Death and the maiden: Mourning a fallen comrade.

January 1, 2010

The words in the e-mail’s subject line sent an icy shiver down my back.

Did you know her?

Past tense always equals bad news.

The message contained a link and that link sent me to a story about Calgary Herald reporter Michelle Lang being killed, along with four members of the Canadian Forces, while on assignment in Afghanistan. Michelle had accompanied the soldiers on a routine patrol to gather information for another story. Sadly, she became that story.

The person who sent me the link knew I worked at the Calgary Herald for eight months in 2007 and, to answer the question, yes, I knew her. At least in passing.

No one will admit it, but there is a distinct hierarchy at major daily newspapers. As a small-town boy in his first stint in the Big League, I certainly noticed it.

The news reporters had attitude, as if their every word was written in gold and sprinkled with star dust. Maybe you need that edge, that ego. Maybe that’s how you stay in The Show, by coming off as slightly superior to everyone else. I never once assumed that attitude through 20 years of journalism — perhaps that’s the reason the past tense is also now used in reference to my newspaper career.

I worked in the Herald’s Features department; most of my duties consisted of pagination. My desk was located on the outer fringes of Editorial, where the lowly worker bees toiled, turning the magic into black letters on a white page.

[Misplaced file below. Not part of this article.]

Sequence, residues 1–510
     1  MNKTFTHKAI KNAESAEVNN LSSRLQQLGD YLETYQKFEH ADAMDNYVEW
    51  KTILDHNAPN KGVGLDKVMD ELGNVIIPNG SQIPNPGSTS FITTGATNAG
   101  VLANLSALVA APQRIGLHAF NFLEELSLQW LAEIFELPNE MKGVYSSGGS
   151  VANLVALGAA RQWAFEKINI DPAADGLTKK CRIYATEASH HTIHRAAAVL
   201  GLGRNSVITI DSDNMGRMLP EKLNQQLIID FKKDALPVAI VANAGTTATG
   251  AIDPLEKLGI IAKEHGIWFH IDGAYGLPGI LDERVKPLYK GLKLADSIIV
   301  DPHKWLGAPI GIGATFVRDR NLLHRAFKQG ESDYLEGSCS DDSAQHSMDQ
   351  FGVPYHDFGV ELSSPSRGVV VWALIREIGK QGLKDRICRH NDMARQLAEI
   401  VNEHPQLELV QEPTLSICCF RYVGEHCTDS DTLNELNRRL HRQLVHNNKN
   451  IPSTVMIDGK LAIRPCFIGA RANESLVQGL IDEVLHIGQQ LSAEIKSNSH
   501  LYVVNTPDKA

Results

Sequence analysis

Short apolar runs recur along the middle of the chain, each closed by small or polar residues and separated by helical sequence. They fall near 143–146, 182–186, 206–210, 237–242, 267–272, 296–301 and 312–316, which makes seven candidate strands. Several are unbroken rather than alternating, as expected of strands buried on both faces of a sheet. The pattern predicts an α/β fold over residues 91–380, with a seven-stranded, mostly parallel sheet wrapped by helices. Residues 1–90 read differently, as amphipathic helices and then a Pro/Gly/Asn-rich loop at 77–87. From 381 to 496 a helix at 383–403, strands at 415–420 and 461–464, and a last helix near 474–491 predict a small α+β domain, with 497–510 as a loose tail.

Reporters didn’t bother soiling their shoes by wandering into our area and so any relationship I had with Michelle Lang consisted mostly of nodding and smiling if we happened to pass in a hallway somewhere.

In fact, the only time we actually held a conversation was when she asked some preliminary questions about a story that fell under her beat as the Health reporter. That was before the Herald’s mucky-mucks nixed the story because it concerned an employee’s relative.

So yes, I knew Michelle Lang. And yet I didn’t know her.

But you don’t have to be friends with someone to mourn their untimely death. Journalists, by the very nature of their job demands, tend to be a brotherhood of sorts anyway, so to see one of us die like that is always going to hurt.

I’m not sure what a Health reporter was doing in a war zone, but I guess it doesn’t matter now. Because the bigger question is this: Why are Canadians in Afghanistan? Why are Canadians dying in Afghanistan?

The hawks among us are going to brandish their swords at this blasphemous thought, but there is no way to win the war on terrorism. Kill one insurgent/terrorist/scared young man, and 10 more step up to strap on the vests. What are you going to do, butcher them all?

Canada and the other coalition countries are doing little more than pissing on sparks while the forest fire bears down on them, destroying everything in its path.

It’s been nearly 40 years since the Vietnam War ended and yet the lessons learned there have obviously been forgotten. And the first lesson is this: Good people died and nobody won.

I’m saddened by the deaths of Michelle Lang and the four soldiers. I’m sickened by the thought that they won’t be the last.


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